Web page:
We may sweat, groan, curse about the weather, but the sweltering summer has undeniable attractions too. The colours of India in this season are always glorious: flaming red, yellow, orange flowers on trees and fruits of many hues in your fridge, apart of course from people wearing bright clothes!
And the hotter it gets, nature provides more than adequate reprieves like rich red watermelons and golden sugarcane, which help make splendid coolants that help cope with the heat and humidity hammering down on us as we wait for the dazzling monsoon to arrive.
All very romantic and it’s not restricted to just nature. Even newspapers usually drop their normal doom and gloom at this time of the year to do photo features on flowering trees of Mumbai. Or at least they used to till not long back. But how the media’s changed is a story for another day.
However foremost among the boons of summer is that it is the season for mangoes. Though this has admittedly not been a particularly gratifying summer for me as yet, what joy it usually brings!
My supply of mangoes generally comes from Murud Janjira and Ratnagiri, which had unseasonal rain a couple of months back. This unfortunately destroyed the produce of several orchards or has had them delayed, with hugely reduced produce.
Of course, if you are a dyed in the wool Mumbaiite then you own mango wadis or you know people who won mango wadis in Raigad District and petis of mangoes get sent to you while others are still crying and craving!
I am not easily seduced into buying mangoes from the city’s markets essentially for lack of faith in how they’ve been ripened. Earlier, just eating a mango – any mango – was a treat.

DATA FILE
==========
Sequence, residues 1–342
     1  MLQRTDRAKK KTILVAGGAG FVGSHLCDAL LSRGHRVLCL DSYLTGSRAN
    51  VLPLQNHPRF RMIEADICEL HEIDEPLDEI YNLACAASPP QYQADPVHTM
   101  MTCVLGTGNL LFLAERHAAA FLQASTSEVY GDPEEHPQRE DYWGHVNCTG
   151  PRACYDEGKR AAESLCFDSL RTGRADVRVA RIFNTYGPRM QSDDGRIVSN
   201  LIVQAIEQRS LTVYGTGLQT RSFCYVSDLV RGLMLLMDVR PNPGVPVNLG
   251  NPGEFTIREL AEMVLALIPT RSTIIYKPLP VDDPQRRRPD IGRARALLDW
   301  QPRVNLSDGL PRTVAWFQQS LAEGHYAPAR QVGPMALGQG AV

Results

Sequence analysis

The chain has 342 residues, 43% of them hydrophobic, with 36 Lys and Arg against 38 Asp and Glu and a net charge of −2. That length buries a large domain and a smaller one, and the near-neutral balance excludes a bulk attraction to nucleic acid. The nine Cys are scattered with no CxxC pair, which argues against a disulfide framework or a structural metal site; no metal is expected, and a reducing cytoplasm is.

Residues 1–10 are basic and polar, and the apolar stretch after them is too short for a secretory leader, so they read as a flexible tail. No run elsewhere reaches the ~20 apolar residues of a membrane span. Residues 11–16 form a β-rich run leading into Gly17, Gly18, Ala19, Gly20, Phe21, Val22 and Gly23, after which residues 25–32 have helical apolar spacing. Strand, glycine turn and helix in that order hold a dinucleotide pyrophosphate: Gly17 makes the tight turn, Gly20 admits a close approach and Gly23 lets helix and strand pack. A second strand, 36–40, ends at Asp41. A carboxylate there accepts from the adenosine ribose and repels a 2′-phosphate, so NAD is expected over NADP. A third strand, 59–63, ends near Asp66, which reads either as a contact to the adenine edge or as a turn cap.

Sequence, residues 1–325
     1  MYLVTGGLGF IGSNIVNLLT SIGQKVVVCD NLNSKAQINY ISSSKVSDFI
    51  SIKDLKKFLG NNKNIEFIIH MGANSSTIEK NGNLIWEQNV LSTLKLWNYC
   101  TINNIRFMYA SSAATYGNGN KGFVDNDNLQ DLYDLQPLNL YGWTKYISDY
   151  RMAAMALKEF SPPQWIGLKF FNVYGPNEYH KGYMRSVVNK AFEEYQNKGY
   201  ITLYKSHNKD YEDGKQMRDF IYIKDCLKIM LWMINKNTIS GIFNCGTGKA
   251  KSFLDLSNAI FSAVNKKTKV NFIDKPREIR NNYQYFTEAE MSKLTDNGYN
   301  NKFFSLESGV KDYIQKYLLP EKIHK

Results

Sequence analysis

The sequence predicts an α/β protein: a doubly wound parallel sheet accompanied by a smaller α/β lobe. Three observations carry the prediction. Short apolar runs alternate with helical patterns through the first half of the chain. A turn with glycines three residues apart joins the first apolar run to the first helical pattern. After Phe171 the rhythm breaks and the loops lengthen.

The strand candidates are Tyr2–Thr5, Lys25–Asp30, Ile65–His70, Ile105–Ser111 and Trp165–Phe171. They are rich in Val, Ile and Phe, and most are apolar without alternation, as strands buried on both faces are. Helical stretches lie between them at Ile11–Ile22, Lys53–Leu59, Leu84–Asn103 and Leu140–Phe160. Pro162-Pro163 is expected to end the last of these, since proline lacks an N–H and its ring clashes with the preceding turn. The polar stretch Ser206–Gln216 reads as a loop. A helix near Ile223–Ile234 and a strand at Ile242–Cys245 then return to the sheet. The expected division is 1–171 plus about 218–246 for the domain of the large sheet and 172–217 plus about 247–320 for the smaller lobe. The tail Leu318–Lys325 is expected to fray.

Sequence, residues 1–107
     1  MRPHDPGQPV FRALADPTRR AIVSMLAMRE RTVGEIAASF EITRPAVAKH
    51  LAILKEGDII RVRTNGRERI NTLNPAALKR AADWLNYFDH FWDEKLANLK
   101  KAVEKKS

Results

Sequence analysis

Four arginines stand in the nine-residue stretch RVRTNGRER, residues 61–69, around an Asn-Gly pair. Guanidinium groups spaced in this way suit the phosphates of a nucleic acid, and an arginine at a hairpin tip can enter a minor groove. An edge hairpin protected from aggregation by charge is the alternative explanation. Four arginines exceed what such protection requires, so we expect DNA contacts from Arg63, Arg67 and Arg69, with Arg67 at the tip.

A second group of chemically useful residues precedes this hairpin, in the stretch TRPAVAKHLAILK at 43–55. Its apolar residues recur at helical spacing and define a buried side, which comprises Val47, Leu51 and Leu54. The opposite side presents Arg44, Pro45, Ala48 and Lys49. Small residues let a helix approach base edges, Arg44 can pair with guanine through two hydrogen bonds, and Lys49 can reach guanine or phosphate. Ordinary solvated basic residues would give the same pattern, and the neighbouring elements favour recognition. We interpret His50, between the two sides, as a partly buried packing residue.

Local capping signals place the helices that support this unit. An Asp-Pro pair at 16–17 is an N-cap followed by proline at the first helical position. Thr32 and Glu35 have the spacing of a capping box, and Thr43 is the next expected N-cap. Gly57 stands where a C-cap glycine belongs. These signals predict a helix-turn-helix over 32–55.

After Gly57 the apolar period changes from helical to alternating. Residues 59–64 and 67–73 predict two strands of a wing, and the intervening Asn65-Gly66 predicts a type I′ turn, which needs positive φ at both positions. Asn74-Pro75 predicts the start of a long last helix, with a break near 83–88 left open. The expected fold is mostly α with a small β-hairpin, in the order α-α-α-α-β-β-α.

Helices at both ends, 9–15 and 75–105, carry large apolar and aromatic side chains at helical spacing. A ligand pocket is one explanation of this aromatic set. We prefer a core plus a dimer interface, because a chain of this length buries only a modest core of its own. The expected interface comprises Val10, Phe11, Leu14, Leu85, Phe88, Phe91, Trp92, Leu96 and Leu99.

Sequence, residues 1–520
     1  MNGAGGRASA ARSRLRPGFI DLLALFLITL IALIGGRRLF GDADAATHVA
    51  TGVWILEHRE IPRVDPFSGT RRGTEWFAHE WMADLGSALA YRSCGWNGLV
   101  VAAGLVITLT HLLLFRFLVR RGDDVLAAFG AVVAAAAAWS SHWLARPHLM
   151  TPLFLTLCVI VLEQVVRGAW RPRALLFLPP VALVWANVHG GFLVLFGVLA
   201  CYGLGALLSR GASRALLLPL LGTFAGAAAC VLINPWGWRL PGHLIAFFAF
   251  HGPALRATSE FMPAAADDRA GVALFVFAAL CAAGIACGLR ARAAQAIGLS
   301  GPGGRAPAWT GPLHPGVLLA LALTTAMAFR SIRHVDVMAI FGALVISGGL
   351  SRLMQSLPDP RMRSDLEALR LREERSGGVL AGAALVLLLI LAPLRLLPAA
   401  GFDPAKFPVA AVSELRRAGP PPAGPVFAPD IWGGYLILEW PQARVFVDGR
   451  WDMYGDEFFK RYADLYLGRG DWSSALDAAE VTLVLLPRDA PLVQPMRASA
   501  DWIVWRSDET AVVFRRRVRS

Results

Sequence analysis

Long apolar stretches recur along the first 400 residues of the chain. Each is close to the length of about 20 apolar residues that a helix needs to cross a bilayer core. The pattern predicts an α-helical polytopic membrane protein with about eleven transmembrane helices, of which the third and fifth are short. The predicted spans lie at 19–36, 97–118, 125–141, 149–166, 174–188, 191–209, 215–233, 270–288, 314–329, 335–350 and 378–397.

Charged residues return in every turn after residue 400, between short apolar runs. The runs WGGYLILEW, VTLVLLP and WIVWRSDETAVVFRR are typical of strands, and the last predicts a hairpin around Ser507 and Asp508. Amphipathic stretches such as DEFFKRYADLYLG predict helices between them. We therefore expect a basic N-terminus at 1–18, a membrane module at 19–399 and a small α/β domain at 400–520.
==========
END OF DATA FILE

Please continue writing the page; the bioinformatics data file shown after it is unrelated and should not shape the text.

Now the taste buds are more discerning, as also the understanding of quality. In my younger days, we would buy mangoes from Crawford Market, mother smelling each piece to determine which was good or not. It’s a knack that I’ve found impossible to understand, forget learn, but it seemed to work every time where quality of fruit was concerned.
In those days (late 1960s and 1970s) mangoes cost less than a rupee each. Nowadays, they can cost ₹300 a piece when supply is plentiful in the city. And that too is no guarantee for quality.
Given the high demand in metros, surreptitious methods are used to season mangoes artificially using calcium carbide to hasten the process, or by artificial colouring of the skin.
Both are to defraud the buyer, sadly, but few people can know the difference whether the fruit is bought at Crawford Market, at Breach Candy opposite the hospital, in the posh areas of Bandra, or wherever else in the city.
My Man Friday, who seems to know everything about everything, was chief advisor in us purchasing mangoes, regularly rejecting the `powderwala’ mangoes till one day he said why waste time and money when you know people who actually grow the fruit, even if it is expensive. That has more or less settled it for me since. Yet one major issue remains. The battle over the best Indian mango. This is renewed every year as the heat kicks in, and consumes all lovers of the fruit. It’s all in fun, but can also get also deadly serious.
Different types of mangoes have diehard votaries from different parts of the country. The chaunsa from Himachal, badami from Karnataka, langda and dasehri from Uttar Pradesh, hapoos from Ratnagiri in Maharashtra – to name a few – feature prominently when merits of mangoes are discussed.This debate can happen in drawing rooms or conference halls and can often be bitter.
Last year I remember a twitter war over mangoes that raged for days, till a truce was called with every diehard refusing to budge from his/her preference.
For any proud Mumbaiite, however, the public declaration has to be for the majestic, golden “hapoos” also popularly known as Alphonso. If the mango is the king of fruits, the “hapoos” is king of mangoes.Not everybody will agree. But even if one’s refrigerator may be full of Banganpalli or Badami – because hapoos is so deliciously unaffordable – the fight must go on!